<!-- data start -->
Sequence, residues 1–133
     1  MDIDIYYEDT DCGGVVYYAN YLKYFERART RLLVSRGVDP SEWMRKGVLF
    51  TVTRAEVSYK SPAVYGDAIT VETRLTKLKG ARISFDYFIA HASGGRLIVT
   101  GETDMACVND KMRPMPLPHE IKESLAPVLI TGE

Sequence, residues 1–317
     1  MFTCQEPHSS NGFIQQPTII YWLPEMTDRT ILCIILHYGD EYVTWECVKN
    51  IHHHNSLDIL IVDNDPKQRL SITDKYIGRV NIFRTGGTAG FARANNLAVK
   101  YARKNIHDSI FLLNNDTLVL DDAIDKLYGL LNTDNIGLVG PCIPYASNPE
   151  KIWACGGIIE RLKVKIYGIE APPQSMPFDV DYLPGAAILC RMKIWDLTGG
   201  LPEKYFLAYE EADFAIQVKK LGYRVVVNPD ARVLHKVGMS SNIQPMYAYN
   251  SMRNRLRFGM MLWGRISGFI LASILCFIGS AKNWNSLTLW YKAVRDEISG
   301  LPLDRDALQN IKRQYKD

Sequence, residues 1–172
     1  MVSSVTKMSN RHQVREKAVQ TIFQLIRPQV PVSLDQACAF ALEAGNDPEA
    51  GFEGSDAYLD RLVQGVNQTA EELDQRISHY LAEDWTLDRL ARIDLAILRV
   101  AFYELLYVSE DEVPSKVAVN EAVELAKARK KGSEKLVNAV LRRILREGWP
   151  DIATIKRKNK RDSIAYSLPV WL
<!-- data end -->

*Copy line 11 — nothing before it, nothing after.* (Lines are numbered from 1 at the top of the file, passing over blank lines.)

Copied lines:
   251  SMRNRLRFGM MLWGRISGFI LASILCFIGS AKNWNSLTLW YKAVRDEISG